Keeping color in your outdoor spaces is as easy as adding a few pots in vibrant shades. Here are 10 ways to use them
Imagine what a difference it would make in your garden to switch out earth-toned pots that blend in with the background with containers that visually pop in shades of blue, red, orange or even purple. Colorful containers can be used in many ways to stand out and grab our attention in outdoor spaces — often where it’s more challenging to add color.
Hick’s yew tree (Taxus x media ‘Hicksii’), purple inch plant (Tradescantia sp.) and bright orange ornamental peppers fill this fall container.
Le jardinet, original photo on Houzz
1. Brighten up an entry. Large, colorful containers near an entry help guide the eye toward the front door, creating an inviting atmosphere for visitors. Create a soft, complementary color combination for a container with plants prized for their green foliage, such as asparagus fern, rosemary and sweet potato vine (Ipomoea batatas). To create a more dramatic color statement, use flowering plants and pots that have contrasting colors, such as blue and orange or red and green.
A large teal pot adds height and color to this entry.
Margie Grace - Grace Design Associates, original photo on Houzz
2. Create a colorful corner. Outdoor spaces are often filled with empty corners begging for attention. These are ideal spots to add color, which can be done with the addition of a single container filled with an accent plant such as an agave or a slipper plant (Pedilanthus macrocarpus), as shown here.
You can go even further by creating an outdoor living space, complete with a seating area, colorful throw pillows and cushions alongside a vibrant container.
Colorful pots are arranged in complementary shades of orange, red and yellow.
3. Transform a bare wall or fence. Nowhere is the need for height and color more evident than an area facing a view of a bare fence or wall. One of the easiest and most dramatic ways to create a beautiful backdrop is to add a row of tall containers in your favorite color.
The choice of what to plant in them is up to you — succulents such as agave and golden barrel cactus (Echinocactus grusonii) do well in pots that receive full sun. For less sunny sites, consider adding plants prized for their foliage, such as ferns.
Le jardinet, original photo on Houzz
4. Add color to a shady spot. Many homeowners complain about the lack of color in shady garden areas. Many plants don’t flower in the shade, which contributes to a lack of color. Solve this problem by adding a colorful container, which can be filled with shade-loving plants that are prized for their foliage, such as hostas.
Lisa Gimmy Landscape Architecture, original photo on Houzz
5. Combine color and utility. Containers can introduce plants to places where there isn’t any ground for them to grow in. Plants soften straight lines, add color and fill empty corners while providing contrasting texture to the outside of buildings. Introduce a double dose of color in these areas by adding a colorful container filled with flowering plants.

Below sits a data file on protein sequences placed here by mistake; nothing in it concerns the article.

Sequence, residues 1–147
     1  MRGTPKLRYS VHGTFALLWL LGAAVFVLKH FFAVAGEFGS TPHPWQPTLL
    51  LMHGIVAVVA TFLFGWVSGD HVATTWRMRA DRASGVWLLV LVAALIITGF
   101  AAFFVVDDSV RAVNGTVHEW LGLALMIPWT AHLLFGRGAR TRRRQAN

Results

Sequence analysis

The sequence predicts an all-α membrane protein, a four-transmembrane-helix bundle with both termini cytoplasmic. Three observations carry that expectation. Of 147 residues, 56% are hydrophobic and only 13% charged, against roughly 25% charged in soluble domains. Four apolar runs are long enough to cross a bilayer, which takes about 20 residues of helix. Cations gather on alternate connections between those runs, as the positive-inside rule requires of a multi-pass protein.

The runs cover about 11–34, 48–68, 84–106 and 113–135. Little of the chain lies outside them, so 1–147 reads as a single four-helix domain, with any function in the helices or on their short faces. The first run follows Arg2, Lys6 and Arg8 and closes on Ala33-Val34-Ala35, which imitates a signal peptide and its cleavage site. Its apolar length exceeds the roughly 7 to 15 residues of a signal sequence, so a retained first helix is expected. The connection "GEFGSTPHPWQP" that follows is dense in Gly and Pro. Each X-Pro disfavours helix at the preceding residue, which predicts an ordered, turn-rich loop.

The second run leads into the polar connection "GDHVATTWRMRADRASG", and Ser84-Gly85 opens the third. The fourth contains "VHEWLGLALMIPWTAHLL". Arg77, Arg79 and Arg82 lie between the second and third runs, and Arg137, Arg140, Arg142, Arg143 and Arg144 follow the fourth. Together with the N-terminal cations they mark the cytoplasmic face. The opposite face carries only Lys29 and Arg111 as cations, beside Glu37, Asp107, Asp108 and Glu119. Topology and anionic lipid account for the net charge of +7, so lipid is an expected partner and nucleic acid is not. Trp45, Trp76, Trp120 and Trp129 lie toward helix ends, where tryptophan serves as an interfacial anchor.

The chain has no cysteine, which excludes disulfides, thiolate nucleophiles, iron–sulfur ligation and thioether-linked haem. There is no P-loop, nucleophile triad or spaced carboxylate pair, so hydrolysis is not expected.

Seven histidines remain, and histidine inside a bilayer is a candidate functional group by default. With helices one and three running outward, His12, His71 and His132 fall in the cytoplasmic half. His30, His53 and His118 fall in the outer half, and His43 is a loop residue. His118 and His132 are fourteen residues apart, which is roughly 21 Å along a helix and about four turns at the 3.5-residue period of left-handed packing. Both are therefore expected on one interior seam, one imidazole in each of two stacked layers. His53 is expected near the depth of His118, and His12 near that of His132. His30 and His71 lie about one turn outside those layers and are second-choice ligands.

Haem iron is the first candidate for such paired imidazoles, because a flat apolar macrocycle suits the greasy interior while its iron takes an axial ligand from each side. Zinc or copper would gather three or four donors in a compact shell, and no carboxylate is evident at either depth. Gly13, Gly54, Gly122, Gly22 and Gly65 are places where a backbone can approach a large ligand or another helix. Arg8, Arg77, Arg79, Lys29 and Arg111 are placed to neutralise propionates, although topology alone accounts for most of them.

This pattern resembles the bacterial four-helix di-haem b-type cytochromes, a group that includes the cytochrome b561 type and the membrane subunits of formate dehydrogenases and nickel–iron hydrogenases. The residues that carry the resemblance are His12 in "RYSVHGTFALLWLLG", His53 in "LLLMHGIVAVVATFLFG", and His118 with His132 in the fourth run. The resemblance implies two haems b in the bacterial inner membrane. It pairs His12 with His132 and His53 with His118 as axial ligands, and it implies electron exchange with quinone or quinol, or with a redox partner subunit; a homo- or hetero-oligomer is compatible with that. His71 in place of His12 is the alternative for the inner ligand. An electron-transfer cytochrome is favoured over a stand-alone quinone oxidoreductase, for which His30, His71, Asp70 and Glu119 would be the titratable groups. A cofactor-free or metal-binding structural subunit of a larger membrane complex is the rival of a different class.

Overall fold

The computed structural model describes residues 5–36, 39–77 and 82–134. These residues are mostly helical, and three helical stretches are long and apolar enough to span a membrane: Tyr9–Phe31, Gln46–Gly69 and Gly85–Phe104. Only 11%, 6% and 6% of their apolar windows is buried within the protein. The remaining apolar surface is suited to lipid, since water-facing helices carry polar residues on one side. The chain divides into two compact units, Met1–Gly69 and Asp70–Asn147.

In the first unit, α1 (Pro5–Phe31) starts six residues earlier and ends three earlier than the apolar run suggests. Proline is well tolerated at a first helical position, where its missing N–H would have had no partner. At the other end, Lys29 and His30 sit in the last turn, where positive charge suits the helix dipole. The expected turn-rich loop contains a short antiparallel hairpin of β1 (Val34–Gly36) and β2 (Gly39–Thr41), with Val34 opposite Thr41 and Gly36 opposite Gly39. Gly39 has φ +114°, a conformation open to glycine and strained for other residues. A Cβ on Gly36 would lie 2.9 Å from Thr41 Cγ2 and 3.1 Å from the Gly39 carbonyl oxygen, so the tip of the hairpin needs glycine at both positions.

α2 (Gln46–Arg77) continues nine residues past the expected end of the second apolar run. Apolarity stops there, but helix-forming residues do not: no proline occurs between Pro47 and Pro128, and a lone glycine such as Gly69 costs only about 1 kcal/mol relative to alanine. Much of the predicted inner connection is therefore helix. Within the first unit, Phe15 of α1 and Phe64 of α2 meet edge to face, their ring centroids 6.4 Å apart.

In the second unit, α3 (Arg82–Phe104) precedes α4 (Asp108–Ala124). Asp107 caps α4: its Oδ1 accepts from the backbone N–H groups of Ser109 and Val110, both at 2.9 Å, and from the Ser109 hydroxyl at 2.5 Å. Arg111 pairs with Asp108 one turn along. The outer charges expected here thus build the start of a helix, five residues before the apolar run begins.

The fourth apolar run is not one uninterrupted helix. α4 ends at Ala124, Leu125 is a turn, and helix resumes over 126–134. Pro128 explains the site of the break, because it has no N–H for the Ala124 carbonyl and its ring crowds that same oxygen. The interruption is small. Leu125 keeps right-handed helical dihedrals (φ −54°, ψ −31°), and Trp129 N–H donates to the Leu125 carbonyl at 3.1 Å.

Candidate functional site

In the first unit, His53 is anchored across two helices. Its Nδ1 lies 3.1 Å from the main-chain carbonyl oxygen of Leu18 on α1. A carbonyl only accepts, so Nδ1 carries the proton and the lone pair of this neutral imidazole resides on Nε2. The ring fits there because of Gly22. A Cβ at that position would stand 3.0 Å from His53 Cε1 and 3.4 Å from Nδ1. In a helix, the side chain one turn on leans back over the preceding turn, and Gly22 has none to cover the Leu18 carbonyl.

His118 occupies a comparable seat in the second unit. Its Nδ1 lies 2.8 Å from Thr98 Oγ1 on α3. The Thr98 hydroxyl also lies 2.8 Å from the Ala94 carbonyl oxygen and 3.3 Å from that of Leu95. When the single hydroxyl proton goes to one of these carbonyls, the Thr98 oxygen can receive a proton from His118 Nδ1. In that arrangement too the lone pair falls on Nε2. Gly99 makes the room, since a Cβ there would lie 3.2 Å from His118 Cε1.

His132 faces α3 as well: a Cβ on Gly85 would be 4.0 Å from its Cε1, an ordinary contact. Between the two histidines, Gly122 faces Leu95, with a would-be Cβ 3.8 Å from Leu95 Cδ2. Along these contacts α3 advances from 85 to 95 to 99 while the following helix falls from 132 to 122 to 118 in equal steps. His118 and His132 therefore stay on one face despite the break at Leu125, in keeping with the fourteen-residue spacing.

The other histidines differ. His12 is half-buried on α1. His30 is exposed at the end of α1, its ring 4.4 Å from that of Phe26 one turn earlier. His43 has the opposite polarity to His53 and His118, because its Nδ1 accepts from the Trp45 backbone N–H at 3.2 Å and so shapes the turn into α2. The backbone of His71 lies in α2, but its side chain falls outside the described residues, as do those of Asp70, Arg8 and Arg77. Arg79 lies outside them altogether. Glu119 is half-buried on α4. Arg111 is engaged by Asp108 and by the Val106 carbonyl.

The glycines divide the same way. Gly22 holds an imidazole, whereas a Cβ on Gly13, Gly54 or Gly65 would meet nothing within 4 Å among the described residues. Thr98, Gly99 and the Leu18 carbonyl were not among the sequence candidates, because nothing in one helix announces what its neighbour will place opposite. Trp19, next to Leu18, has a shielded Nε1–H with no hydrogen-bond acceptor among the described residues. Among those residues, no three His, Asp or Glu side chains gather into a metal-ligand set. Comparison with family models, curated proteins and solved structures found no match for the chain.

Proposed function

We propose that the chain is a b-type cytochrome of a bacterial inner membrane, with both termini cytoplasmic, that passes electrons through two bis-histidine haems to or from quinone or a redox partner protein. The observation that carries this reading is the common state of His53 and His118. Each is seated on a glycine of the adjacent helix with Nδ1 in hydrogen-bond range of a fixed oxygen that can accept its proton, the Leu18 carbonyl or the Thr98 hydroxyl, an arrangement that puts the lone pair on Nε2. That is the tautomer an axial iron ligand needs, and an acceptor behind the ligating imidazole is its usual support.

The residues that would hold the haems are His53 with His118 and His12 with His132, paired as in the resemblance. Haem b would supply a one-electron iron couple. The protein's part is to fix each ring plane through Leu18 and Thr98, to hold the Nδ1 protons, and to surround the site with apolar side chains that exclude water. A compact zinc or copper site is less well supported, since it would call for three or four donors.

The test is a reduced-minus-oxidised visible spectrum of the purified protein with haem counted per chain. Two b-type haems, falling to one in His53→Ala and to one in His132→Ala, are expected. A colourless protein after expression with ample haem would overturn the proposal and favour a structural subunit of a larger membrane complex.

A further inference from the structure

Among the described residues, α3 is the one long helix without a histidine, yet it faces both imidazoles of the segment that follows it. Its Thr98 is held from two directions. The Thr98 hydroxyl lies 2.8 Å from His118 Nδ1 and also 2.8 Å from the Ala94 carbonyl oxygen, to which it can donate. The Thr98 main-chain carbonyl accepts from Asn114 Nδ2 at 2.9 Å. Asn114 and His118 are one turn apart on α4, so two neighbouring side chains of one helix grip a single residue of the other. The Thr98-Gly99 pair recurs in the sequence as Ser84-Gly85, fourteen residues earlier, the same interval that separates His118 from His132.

6. Add outdoor art. Pots are increasingly being used, both indoors and outside, for decorative purposes, as their color, shape and texture are design elements in themselves. Containers can be filled with plants, left empty or filled with natural materials such as bamboo, willow branches or dried ocotillo canes.
Noelle Johnson Landscape Consulting, original photo on Houzz
7. Create a colorful fountain. Pots can be transformed into water features. Water flows from the top of the container and gently down its sides, creating soothing sounds while adding beauty to the landscape. Hummingbirds are especially attracted to container water features, as they offer an easy spot to perch.
8. Create a powerful statement with small pots. Size doesn’t always matter when it comes to adding color, and this is true of pots. When dealing with small containers, the key is to select one in a bright, contrasting color that grabs your interest, such as bright orange, red or turquoise.
A quartet of blue glazed pots filled with succulents brightens a garden corner.
Kuth / Ranieri Architects, original photo on Houzz
9. Carry a color theme throughout the garden. When designing the interior of our homes, we select elements that repeat a particular color scheme, which is pleasing to the eye and helps to tie various design elements together. The same is true of using color in the garden. Colorful containers can be used for this purpose, along with colorful seat cushions, umbrellas, a brightly painted wall and plants of a particular color.
10. Jazz up houseplants. Plants grown indoors are most notable for their foliage and not necessarily for their color. By planting them in colorful containers, you add interest to the houseplant while also incorporating an additional color element to the interior of your home.